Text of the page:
Islamic Trade and Italian Art
Silks, carpets, ceramics, glass, metalwork and books from the Islamic world were all greatly coveted in the West. Rosamund Mack meticulously traces how trade with the East directly influenced masterpieces of Italian art.
It is indeed bizarre that two books should almost simultaneously be published on the relationship between the Eastern market as represented by the bazaar and the evolution of the Italian Renaissance. Even more bizarre is that the two university publishers – Oxford and California – should have chosen not only the same painting (Gentile Bellini’s Saint Mark Preaching in Alexandria) but also the same details to embellish their covers.
This accidental parallelism apart, the two books are very different in their approach. Jerry Brotton inclines towards a series of imaginative essays, suggesting that there is still much work to be done investigating the formation of Renaissance thought, and that the answer lies in the east. Not only artifacts from the Eastern bazaars, but also the transmission of Islamic science and philosophy played a key role. He zooms in on Holbein’s The Ambassadors as a key item, and attaches iconic significance to many of the objects in the painting: “…one of the strings on the lute is broken, a deliberate symbol of discord” – and there is much in the same vein. More entertaining is his interpretation of Michelangelo’s David (“Rude when nude”), refuting its current status as a gay icon and instructing us to understand it as a straight political statement.
This is only the beginning: Brotton casts his net wide, covering the age of discovery, the invention of printing and, finally, literature and the world of the imagination. It all began in the East, he concludes, and for enlightenment we must go back to the bazaar.
In contrast to Brotton’s slightly flip approach in his book, Rosamond Mack attempts to be totally comprehensive. She has thoroughly documented the evidence for trade, for individual crafts such as silk and carpet-weaving, ceramics, glass, metalwork and bookbinding, as well as the visual arts. There seems to have been no stone unturned, nor any nook or cranny into which she has not peered between Italy and the mysterious East. Indeed, the book is a compendium of all you ever wanted to know on the subject, with excellent colour and monochrome illustrations, and eighty pages of notes, bibliography and index to boot.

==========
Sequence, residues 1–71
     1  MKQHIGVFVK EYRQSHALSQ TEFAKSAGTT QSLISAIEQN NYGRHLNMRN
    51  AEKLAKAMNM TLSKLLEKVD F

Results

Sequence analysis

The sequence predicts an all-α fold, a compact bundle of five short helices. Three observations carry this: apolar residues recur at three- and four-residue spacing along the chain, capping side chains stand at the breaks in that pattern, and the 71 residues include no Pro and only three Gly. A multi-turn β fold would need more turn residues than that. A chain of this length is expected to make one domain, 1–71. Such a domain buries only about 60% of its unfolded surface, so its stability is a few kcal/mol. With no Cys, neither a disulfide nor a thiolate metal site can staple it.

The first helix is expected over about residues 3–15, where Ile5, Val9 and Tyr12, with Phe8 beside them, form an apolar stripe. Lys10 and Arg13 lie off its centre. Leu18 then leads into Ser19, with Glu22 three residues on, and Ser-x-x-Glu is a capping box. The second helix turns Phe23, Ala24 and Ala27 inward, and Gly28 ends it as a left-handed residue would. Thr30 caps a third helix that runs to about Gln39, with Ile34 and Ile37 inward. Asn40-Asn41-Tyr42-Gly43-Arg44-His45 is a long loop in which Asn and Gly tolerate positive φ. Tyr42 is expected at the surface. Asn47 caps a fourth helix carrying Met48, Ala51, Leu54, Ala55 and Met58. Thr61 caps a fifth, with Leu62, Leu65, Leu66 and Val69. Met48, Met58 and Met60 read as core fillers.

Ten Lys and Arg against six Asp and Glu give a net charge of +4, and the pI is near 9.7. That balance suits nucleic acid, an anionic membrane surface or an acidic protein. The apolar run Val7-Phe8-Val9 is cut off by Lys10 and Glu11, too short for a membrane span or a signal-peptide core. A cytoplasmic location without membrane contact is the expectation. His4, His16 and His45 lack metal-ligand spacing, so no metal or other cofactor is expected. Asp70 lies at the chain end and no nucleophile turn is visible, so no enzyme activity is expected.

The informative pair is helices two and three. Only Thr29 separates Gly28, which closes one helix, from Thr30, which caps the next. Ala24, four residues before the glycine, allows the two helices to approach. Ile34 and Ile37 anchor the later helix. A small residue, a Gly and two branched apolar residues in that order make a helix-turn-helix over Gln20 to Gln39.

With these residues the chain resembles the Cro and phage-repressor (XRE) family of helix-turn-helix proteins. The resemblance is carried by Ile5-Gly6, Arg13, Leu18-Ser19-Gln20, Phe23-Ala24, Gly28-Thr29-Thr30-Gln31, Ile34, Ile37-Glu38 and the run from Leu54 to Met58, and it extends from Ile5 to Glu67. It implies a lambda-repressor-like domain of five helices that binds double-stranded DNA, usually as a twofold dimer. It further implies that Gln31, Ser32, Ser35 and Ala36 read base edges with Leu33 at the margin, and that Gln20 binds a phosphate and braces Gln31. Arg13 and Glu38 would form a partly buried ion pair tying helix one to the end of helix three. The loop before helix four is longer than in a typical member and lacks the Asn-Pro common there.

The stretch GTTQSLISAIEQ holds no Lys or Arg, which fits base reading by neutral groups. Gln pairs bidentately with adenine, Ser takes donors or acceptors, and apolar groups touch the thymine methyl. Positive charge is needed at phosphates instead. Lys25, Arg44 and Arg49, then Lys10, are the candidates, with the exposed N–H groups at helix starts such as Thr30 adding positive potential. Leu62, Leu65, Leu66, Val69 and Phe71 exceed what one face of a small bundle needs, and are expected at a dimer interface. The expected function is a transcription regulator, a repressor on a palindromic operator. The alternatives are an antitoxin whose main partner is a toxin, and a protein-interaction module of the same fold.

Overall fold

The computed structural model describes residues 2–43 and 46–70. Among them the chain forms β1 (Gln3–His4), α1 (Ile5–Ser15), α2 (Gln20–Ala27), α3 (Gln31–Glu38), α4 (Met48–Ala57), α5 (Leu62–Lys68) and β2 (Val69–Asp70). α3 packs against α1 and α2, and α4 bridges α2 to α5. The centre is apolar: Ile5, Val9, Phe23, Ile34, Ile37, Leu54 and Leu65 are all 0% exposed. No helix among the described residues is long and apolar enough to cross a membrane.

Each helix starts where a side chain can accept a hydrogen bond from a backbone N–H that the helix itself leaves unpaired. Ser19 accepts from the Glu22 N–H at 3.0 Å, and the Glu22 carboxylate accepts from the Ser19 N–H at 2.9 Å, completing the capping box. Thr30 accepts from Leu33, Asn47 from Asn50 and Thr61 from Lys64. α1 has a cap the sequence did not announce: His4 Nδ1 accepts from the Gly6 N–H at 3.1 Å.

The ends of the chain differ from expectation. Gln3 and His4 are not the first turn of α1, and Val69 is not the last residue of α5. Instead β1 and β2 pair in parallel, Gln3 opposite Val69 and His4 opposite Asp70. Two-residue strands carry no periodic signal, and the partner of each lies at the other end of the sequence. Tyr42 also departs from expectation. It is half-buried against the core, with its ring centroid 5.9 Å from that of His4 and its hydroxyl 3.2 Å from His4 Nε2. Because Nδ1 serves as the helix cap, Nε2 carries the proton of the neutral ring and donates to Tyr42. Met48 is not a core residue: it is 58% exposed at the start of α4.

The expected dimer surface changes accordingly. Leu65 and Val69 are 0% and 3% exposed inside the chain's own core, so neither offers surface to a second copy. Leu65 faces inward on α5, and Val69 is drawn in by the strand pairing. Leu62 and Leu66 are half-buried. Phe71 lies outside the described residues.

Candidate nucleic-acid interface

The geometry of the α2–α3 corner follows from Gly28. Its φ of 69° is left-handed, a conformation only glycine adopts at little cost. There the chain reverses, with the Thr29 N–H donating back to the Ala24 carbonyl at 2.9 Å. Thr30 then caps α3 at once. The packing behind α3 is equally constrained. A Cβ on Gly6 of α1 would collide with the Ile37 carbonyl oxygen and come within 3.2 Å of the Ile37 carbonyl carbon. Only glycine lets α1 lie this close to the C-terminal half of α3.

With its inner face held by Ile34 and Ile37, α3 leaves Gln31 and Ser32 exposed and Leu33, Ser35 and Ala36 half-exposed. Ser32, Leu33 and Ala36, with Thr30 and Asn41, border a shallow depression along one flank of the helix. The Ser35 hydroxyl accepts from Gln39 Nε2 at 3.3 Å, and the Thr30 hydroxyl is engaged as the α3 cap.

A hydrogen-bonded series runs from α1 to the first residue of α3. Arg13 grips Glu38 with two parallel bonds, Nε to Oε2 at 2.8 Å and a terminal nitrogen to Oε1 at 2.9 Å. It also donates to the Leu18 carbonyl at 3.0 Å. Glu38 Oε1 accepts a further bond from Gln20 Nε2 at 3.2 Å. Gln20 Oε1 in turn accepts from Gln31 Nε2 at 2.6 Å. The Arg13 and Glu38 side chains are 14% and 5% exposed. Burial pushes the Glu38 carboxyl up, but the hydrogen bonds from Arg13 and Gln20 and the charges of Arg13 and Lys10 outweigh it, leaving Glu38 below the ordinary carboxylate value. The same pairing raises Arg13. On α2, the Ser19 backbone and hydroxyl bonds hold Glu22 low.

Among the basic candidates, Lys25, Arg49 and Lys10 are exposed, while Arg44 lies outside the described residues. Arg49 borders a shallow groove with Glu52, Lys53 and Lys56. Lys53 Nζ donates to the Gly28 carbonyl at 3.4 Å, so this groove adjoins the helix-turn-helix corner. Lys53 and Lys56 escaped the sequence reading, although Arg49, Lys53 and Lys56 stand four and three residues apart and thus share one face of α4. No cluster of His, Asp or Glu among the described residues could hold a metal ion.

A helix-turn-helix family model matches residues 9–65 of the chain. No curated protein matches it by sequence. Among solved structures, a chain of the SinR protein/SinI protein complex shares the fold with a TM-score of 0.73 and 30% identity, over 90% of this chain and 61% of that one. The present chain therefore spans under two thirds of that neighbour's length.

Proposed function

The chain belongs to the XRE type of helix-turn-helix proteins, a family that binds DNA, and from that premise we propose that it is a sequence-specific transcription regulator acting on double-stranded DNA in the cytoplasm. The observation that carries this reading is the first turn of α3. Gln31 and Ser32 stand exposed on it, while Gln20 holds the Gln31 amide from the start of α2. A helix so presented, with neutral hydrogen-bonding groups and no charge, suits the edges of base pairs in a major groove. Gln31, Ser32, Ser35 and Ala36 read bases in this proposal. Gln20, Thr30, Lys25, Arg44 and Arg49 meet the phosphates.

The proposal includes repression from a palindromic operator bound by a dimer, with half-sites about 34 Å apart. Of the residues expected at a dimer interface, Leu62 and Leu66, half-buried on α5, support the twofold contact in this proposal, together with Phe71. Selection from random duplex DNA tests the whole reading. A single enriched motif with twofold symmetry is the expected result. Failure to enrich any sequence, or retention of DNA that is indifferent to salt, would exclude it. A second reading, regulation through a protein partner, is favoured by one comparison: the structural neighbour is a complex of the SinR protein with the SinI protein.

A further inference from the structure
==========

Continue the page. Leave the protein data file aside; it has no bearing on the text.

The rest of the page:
Inevitably her text draws on numerous seminal articles by other scholars, and is none the worse for that, but it somewhat lacks the excitement of the chase. Judging from the cheerful photograph on the back flap, she is well pleased with her industry. In years to come, generations of students will be grateful for her diligence.
Which leads to a final question, posed by neither author. What exactly do we mean by “bazaar”? Both the Oxford English–Arabic Dictionary (1972) and Al-Mawrid (1999) define the term as “eastern market” and specifically use suq as a synonym. More informative is the inimitable Hobson-Jobson (1985 ed), which is worth quoting at length: “Hindu etc, from P. bazaar, a permanent market or street of shops. The word has spread westwards into Arabic, Turkish and, in special senses, into European languages, and eastward into India… it seems to have come to S. Europe very early… Pegolotti (Mercantile Handbook, c 1340) gives ‘bazarra’ as a Genoese word for ‘market place’.”
There seems no distinction between bazaar and suq, yet one belongs to the northern tier of Central Asian trade and the other to the heartlands of Islam. It would be interesting to see if there are structural, social and economic differences between the two, and whether this has any bearing on the authors’ thesis. After all, the greatest medieval market of all was the annual fair at Mecca, forbidden to the unbelievers.